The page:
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I will here state that these men were badly armed. Many had none, and some had carbines that at the first fire got out of order and became perfectly worthless. I then dismounted all the men who had muskets or guns that would shoot, taking a gun myself, let my horse go, and we kept up a street-fight at different points for more than half an hour, until we were surrounded at the crossing of Main and Pleasant streets. I, with others, was forced to throw down my gun, some escaping in different directions.

We were then marched to Mr. Cuson's building on Main street, and kept guarded until the fighting ceased in the north-west part of the town. We were then marched across the bridge as prisoners. We there witnessed the falling of the flagpole, and also the different parties through Desha's corn-field picking up Morgan's. dead and wounded.

I was kept as a prisoner the next day after all the Union men and soldiers were released; and had it not been for some of the prominent men opposed to me in sentiments, I have no doubt but that some miscreants here would have had me shot or hung. I was first placed in a tent and strongly guarded, and no one permitted to speak to me. When Morgan was ready to start, a horse was brought to the tent, and I ordered to mount and start with the guard. I asked a gentlemanly-looking man standing by, who appeared to be an officer, to present my compliments to Colonel Morgan, and ask for me the privilege of an interview with my family. On his return, it was granted; and whilst I was at a friend's with my family, there was a meeting of citizens in regard to my case, and I was finally released on parole of honor as a prisoner of war.

In conclusion, I would say that the men under my command fought well, considering the quality of their arms and being perfectly raw recruits. Great praise is due Lieutenant-Colonel J. J. Landrum for his coolness and bravery.

The following-named officers of Colonel Metcalfe's regiment acted well and did credit to themselves, to wit: Captain Robert Scott of Harrison, Captain W. W. Bradly of Berry's Station, Captain Benjamin Robins of Falmouth, Captain Sharp of Bath County.


Surgeon Lair's letter.

Cynthiana, Ky., July 22, 1862.
Having seen so many exaggerated reports of our defence against the band of thieves headed by John Morgan, who made an attack upon our little band of patriots last Thursday, with a force of six to one, I feel somewhat disposed to make a few corrections. As I was present during the entire “battle,” I feel that I am pretty well posted.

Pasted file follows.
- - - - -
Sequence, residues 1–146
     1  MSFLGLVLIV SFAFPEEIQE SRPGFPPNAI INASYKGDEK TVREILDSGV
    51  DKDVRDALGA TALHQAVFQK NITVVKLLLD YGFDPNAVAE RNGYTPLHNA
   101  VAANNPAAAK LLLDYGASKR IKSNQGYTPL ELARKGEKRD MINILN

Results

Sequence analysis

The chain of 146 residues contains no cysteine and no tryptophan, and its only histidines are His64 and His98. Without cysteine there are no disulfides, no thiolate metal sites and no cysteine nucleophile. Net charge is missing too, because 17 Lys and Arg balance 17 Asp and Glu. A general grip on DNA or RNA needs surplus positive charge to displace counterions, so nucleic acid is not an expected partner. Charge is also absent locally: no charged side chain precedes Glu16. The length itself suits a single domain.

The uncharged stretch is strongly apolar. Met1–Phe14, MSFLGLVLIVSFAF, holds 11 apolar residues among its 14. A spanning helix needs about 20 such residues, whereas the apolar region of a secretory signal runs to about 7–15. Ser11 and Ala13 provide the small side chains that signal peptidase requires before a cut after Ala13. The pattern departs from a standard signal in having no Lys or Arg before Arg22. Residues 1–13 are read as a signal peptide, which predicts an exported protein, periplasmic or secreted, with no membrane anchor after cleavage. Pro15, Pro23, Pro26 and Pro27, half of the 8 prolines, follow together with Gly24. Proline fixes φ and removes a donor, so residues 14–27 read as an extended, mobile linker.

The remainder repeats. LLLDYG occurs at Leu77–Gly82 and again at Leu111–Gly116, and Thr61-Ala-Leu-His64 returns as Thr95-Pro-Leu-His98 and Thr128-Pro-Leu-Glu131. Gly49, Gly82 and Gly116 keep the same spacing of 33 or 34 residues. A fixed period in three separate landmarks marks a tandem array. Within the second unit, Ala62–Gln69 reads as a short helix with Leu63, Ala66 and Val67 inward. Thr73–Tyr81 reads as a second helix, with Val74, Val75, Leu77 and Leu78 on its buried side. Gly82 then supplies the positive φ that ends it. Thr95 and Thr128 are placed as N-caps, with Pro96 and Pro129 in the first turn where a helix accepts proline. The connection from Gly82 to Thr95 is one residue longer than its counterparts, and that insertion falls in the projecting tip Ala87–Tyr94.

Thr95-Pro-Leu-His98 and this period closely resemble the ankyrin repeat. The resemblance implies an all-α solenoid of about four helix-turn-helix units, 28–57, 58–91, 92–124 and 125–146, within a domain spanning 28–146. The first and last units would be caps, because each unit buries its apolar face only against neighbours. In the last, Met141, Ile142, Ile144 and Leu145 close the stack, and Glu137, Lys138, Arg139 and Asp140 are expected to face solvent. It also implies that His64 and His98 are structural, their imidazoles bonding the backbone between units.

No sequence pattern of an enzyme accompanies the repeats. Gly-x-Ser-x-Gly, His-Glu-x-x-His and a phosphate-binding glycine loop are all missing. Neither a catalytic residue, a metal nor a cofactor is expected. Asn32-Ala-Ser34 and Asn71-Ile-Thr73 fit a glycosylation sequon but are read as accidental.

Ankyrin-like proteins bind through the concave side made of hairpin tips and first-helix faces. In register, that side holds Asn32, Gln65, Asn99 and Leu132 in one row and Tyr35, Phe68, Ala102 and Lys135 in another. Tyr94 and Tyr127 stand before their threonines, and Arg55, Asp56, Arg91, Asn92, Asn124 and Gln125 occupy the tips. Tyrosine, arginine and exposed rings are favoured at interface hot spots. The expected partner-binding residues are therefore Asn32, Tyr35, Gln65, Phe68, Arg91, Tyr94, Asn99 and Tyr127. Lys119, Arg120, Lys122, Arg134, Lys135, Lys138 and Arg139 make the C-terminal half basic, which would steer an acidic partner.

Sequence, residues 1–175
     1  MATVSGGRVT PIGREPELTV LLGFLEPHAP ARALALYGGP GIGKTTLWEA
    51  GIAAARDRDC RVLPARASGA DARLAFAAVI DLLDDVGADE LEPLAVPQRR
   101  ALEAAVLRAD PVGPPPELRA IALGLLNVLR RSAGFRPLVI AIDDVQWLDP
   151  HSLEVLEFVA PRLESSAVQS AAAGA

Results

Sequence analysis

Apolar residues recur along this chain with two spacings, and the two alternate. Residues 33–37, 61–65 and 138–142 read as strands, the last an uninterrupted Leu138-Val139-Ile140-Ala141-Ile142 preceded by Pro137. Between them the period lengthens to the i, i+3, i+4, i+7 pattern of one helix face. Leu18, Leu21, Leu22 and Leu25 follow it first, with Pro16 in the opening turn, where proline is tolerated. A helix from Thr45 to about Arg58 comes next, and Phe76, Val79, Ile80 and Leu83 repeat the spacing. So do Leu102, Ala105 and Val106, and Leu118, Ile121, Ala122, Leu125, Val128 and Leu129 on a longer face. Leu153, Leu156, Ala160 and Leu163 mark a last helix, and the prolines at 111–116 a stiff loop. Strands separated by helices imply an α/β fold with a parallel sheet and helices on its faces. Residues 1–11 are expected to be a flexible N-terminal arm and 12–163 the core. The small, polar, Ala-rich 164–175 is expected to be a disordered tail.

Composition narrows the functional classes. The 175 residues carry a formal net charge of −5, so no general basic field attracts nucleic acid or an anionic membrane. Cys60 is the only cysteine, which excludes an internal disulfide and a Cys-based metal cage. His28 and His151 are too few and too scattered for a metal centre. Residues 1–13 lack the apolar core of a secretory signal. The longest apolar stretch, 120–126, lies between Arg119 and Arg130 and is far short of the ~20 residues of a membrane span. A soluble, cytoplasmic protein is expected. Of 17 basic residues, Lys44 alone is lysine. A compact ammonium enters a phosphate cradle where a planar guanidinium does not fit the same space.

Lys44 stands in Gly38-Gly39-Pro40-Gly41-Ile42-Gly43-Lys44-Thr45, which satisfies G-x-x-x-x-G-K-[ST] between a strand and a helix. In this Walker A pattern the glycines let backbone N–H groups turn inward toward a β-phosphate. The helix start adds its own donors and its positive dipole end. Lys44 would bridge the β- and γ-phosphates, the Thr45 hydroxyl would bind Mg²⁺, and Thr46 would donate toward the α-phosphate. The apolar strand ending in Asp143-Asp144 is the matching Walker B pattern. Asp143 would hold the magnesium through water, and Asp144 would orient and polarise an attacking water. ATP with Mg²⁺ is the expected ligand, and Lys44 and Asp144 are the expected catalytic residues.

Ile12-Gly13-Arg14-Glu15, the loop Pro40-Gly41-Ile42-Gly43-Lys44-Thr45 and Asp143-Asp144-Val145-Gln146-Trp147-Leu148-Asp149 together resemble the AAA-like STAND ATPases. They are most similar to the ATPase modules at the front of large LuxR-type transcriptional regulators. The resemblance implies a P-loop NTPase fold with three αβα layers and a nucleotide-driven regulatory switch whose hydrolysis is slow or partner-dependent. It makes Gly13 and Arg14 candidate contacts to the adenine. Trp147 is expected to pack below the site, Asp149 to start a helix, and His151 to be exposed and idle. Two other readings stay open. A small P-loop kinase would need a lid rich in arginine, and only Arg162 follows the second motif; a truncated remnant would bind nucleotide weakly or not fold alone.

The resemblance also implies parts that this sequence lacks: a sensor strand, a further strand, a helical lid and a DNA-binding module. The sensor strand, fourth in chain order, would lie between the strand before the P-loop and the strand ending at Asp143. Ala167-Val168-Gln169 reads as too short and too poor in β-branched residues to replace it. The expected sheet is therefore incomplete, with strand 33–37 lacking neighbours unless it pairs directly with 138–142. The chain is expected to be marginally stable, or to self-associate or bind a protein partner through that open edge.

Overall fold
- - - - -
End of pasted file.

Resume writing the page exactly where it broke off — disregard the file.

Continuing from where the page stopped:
There was a simultaneous attack from every street and lane leading into the town. We were fired upon with shot and shell on the west, and musketry from the north, east and south. Our forces were under command of Lieut.-Col. J. J. Landrum and Major William O. Smith, who showed energy and courage.

Among those who manifested bravery and determination, were Col. Landrum, Major Smith, Capt. Robert Scott, Capt. W. S. Wilson, and Capt. McClintock.

Up to this time we have found twenty-seven Federals dead and nineteen rebels.

The next day succeeding the battle, Morgan, with his band of yelling hounds, left this place, bound southward to Paris, bearing away the majority of his wounded. He left eighteen in care of our surgeons, several of them supposed to be mortally wounded.

I send our list of wounded:

Captain Rogers, Eighteenth Kentucky, leg, slightly.

T. S. Duvall, arm amputated.

H. Reed, Home Guard, left side.

J. W. Minor, Home Guard, left lung.

J. Carver, thigh amputated.

Geo. Scott, Seventh Kentucky cavalry, wounded, thigh.

Charles Tate, Thirty-fourth Ohio, both thighs.

Rev. Mr. Morrison, Home Guard, ankle.

William Sanders, Home Guard, right thigh.

James Little, Seventh Kentucky cavalry, right lung.

Christian Ledger, Home Guard, shoulder and ankle.

W. J. Hill, Home Guard, right thigh.

A. J. Powers, Seventh Kentucky cavalry, right leg.

R. Rose, Seventh Kentucky cavalry, left hip.

John W. Adams, left side.

Wm. Hinman, Eighteenth Kentucky, left thigh.

Milton A. Hall, Seventh Kentucky cavalry, right side.

Joseph McClintock, Home Guard, leg and arm.

John McClintock, Home Guard, right hip.

Alfred McCauley, Seventh Kentucky cavalry, back.

Thomas Barry, Home Guard, right thigh.

L. A. Funk, Ohio, heel.

Lewis Terry, Home Guard, leg, twice.

G. Land, Home Guard, foot.

Capt. Bradley, Seventh Kentucky cavalry, leg.

Leroy Rankin, Home Guard, left shoulder.

Rev. Carter Page, Home Guard, leg.

James S. Frizell, Home Guard, side, slightly.

Mr. St. Thomas, Home Guard, chest and face.

James Dickey, Home Guard, both sides and shoulder.

T. J. Vemont, Home Guard, both thighs.

B. T. Amos, Seventh Kentucky cavalry, left arm.

James H. Orr, Seventh Kentucky cavalry, right arm.

Mr. Purcell, Eighteenth Kentucky, abdomen.

William Nourse, Home Guard, side, slightly.

I am glad to say to the friends of the wounded, that we are well prepared to afford relief to all who are in our care. We have received marked attention and assistance at the hands of Drs.

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